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What's the best, most robust CSS-button definition?

Ideally, I'd like gradients, rounded images, and graceful degradation down to IE8. It would also be great if the buttons didn't use any images, and the buttons scaled horizontally to fit their content.

What's the best solution to this?

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Have you seen ? – Adam Sep 16 '10 at 17:05
That's actually really nice. – Stefan Kendall Sep 16 '10 at 17:21
Not bad. And they look half decent in IE8. No gradients, no rounded corners or what not but they look like buttons at least. I don't know though...I think I still prefer the sliding doors technique. Less flexibility in height, obviously because it uses images, but you can have really fancy buttons :) – Strelok Sep 18 '10 at 13:20
@Adam, your comment can be a good answer to the question (at least at this moment, your comment score is higher than any answer given below:) – Gan Sep 18 '10 at 14:35

4 Answers 4

up vote 4 down vote accepted

Use the tools at

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It is possible to use gradients, box-shadow, border-radius, rgba colour et cetera in older versions of Internet Explorer, using CSS3 PIE. Look at their demo with all these CSS3 properties.

Now, combine CSS3 PIE with the button maker mentioned in the comments and you're done!

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Yeah, you should also try to use a page with 10 CSS3-pied buttons on it in IE6/7 :D – Strelok Sep 18 '10 at 13:18
+1. Thanks for the info about PIE. At least now we can have something to eat while working hard... :) – Gan Sep 18 '10 at 15:03

Huge fan of JQuery UI buttons. Demo is here

Yes, they do use some images...but the images are also common to the many other features of JQuery UI, which offers your page some amazing features (and more coming all the time) It does gracefully degrade, and you can extend it to round in IE via another JQuery plugin. My favorite part is ThemeRoller, which allows you to build a page using themeroller capable plugins, then style or change at will, even with a tool that floats over the site. You could easily include a way for your user to switch the entire theme of the site with a button click. Plus, there's an editor to easily make your own themes if you don't like what's there.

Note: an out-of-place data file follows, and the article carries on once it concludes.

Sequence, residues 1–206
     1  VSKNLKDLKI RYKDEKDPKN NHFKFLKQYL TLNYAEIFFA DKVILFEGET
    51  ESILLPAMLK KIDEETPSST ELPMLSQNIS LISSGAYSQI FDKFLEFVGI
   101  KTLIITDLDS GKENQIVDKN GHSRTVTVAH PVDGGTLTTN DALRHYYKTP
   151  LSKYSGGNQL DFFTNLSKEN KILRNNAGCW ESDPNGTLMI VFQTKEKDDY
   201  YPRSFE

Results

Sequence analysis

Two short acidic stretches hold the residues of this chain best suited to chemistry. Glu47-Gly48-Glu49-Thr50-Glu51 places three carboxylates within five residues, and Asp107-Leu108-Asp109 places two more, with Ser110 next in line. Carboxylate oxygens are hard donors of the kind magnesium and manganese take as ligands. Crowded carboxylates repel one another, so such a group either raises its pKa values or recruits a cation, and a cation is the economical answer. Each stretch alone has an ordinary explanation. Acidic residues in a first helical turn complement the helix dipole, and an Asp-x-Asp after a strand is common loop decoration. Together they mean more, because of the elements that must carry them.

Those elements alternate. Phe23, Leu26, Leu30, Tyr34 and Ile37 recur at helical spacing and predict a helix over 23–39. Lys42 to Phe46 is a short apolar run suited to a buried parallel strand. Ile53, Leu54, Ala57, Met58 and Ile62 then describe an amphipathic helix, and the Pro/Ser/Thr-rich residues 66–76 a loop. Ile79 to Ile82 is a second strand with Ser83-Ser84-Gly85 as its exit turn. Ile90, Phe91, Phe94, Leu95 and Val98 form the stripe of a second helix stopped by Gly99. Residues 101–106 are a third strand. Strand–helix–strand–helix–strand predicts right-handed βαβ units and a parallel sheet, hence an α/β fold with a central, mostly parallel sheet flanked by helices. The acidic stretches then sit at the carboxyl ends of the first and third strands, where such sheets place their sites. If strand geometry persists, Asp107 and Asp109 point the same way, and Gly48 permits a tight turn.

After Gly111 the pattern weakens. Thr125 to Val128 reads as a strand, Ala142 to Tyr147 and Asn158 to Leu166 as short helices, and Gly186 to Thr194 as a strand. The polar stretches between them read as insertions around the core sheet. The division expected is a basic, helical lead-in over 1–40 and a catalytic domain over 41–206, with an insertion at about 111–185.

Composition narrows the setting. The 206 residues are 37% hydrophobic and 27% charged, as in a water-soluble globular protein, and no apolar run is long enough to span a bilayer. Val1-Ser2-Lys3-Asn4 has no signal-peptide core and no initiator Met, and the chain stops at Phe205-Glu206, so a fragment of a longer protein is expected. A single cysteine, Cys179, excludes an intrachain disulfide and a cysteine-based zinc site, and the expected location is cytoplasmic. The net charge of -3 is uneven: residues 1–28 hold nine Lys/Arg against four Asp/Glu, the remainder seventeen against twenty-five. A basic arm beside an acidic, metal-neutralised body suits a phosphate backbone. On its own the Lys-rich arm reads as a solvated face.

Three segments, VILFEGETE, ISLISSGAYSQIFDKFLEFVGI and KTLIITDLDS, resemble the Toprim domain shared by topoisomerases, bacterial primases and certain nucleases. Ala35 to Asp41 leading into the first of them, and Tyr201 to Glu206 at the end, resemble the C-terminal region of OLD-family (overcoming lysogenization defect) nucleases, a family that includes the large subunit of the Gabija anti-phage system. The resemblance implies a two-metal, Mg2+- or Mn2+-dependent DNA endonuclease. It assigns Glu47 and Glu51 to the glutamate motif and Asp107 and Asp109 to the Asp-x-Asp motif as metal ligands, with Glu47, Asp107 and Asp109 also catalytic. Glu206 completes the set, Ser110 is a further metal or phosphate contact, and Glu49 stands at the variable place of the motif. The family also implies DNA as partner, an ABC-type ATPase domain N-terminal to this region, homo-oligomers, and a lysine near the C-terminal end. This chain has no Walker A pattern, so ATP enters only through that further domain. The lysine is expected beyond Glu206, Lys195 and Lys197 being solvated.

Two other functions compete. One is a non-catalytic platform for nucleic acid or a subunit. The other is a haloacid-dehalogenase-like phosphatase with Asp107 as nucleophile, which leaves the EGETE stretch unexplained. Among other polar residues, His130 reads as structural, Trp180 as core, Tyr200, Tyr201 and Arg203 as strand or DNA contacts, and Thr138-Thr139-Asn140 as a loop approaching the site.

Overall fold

As for gradients, you have fade up, fade down, curved fade, patterns, and then "build your own" options with variations of those and more plus color overlays and opacities.

Setting up a button is as easy as: <button class="ui-state-default ui-corner-all" type="submit">Button</button>

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There is no way to do what you're asking with CSS only, as gradients and corners were only added as of CSS3 and even now they are still not fully supported.

The best way to achieve gradients now is to use an actual image, you can then be assured that most if not all browsers will support it (if you're using a .png image, IE6 may have an issue with it but there are CSS hacks to get around it).

Rounded corners can be added to the site in two different ways:

  • The first is via images and you would place these at the corners of the element giving the rounded appearance. What I've said before about .png images still applies here.
  • The second method is to use JavaScript. Most frameworks will have plugins designed with Web 2.0 features in mind. I recommend jQuery as it's easy to implement.

Out of the above two methods the first one is preferred if you want to make absolutely sure that the users can see curves, however if you aren't too concerned about them having JavaScript disabled I would definitely use jQuery as it's 100 times easier to use.

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If you're going to leave a detailed answer, at least have correct grammar, spelling, etc. – Fillip Peyton Oct 4 '13 at 22:05
@FillipPeyton There, I fixed it. ;] – WynandB Dec 2 '13 at 23:49

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